Do you read The Economist, Wall Street Journal, and Financial Times for pleasure? Are you often told that you are a gifted problem solver with strong analytical skills? Do you like numbers and research? Are you a natural leader who enjoys collaborating with others to produce results? If this sounds like you, you might be a good fit for a career in finance, consulting, or business.
What You Can Expect
There are many job options available for those interested in careers paths in finance, consulting and business. Opportunities exist in the private, nonprofit, and government sectors and in a variety of industries. Obvious industries include financial services, management consulting, insurance, and consumer goods, etc. In addition, business-related roles are available with most employer organizations, including start-ups, social enterprises, educational institutions, health care organizations, media outlets, tech firms, fashion houses, etc. While a variety of job titles can be found, common entry-level positions are analyst, business associate, account manager, trainee, and operations specialist.
My colleagues and I can help you determine which sector and role matches your interests, skills, abilities, and personality preferences.
Areas of Focus
Here are some areas to explore within this broad career path:
- Business Development/Sales & Marketing includes tasks and processes aimed at creating value and growth opportunities for an enterprise. Read this article for information on the difference between business development and sales and marketing.
- Corporate Social Responsibility (CSR) involves a company’s “initiatives to assess and take responsibility for the company’s effects on environmental and social wellbeing.”
- Human Resources/Human Capital Management oversees talent acquisition, employee relations, compensation and benefits, and compliance with federal and state labor and employment laws.
- Management includes the activities associated with overseeing an enterprise, typically planning, organizing, and staffing an organization to accomplish goals. To learn more about entry-level opportunities, check out this list of leadership development and rotational programs shared by Columbia University’s Center for Career Education.
- Strategy or management consulting firms help clients understand and solve business problems in a range of industries. “Boutique” firms typically specialize in a specific industry, examples include healthcare, government, financial services, human resources, technology, marketing, and communications.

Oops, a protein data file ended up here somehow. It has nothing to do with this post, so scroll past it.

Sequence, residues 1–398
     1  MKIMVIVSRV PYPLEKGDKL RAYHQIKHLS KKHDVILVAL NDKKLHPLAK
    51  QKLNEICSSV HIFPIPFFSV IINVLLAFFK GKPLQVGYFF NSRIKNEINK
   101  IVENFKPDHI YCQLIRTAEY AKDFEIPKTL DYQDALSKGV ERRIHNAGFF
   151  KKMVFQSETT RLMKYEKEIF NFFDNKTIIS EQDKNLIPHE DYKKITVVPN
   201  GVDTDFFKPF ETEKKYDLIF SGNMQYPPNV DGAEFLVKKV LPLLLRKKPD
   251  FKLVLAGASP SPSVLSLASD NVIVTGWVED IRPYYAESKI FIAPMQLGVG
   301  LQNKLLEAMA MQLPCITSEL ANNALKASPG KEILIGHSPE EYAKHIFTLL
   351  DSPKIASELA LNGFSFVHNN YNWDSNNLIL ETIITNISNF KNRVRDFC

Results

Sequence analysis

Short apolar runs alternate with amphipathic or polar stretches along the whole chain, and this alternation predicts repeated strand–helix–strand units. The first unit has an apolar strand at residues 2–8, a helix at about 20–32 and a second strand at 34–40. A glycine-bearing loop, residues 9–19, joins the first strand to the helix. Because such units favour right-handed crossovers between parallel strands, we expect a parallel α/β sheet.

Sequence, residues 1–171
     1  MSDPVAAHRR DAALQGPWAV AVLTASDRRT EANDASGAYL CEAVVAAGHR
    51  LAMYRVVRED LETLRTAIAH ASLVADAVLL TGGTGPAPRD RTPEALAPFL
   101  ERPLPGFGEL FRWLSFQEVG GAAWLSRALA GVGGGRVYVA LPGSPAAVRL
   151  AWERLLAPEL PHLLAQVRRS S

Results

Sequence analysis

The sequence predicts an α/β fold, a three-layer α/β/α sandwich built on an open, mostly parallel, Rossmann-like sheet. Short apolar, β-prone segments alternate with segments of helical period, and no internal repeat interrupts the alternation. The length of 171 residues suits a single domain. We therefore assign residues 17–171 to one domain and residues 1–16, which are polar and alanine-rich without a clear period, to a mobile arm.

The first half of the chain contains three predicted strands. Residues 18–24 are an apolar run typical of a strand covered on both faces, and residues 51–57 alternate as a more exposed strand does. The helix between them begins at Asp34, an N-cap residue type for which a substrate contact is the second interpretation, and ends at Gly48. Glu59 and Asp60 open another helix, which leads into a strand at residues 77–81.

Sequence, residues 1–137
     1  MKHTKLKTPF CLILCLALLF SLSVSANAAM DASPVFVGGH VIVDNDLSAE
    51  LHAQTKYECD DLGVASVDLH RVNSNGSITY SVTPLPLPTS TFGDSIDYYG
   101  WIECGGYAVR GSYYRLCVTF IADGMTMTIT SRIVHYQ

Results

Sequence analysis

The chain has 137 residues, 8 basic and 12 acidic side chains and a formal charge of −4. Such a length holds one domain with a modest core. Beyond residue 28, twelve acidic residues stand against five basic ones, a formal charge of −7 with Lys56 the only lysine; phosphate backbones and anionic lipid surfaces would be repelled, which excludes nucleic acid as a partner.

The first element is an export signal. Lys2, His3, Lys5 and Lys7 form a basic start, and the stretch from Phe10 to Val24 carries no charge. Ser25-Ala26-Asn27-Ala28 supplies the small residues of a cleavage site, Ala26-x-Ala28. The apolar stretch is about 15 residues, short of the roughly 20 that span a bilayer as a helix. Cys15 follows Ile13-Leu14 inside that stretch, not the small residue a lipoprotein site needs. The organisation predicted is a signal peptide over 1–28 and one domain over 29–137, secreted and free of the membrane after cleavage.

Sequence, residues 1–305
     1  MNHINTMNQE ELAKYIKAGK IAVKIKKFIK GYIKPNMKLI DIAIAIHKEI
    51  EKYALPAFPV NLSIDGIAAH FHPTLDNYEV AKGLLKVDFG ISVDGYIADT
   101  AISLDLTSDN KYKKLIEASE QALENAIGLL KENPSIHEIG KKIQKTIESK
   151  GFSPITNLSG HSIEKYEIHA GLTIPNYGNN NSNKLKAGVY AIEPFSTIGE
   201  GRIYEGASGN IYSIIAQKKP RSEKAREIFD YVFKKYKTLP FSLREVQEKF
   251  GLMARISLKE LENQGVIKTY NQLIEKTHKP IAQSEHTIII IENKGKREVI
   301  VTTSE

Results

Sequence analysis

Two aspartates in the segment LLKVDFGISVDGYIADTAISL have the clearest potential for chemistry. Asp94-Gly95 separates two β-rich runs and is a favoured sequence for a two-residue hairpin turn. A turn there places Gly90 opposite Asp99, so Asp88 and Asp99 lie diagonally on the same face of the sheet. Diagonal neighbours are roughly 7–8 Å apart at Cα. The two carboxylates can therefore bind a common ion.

- Some large companies employ in-house consultants within a corporate strategy
Entrepreneurship is the process of designing, launching and running a new business or startup company.
Financial Services roles involve managing assets (money) for individuals (personal finance), governments (public finance), and businesses (corporate finance). Roles frequently involve raising capital through debt and equity and managing money through investments. There are a variety of operational functions available in research, compliance, risk, compliance, etc.
- Commercial Banking provides banking services individuals and organizations.
- Corporate Finance is the “in-house” function that manages and organizations assets.
- Financial planners and wealth managers help individuals plan their financial futures.
- Insurance companies help manage risk to protect against catastrophic losses and to anticipate potential risk problems.
- Investment bankers provide financial services to companies, institutions, and governments through equity, debt, structured finance, and mergers and acquisitions transactions, and advise on strategy and execution across a broad spectrum of industries and geographies.
- Hedge Funds manage a pool of money for large investors and utilize a particular investment strategy.
- Money Management (AKA Investment/Asset Management) represents buy side firms that research, invest, and hold stocks and bonds for institutional clients. These firms use strategy and market trend and company analysis to implement trades.
- Private Equity and Venture Capital firms purchase all or part of a company’s equity directly in return for an ownership stake.
- Real Estate firms help individuals and institutions buy, sell, manage, and develop property.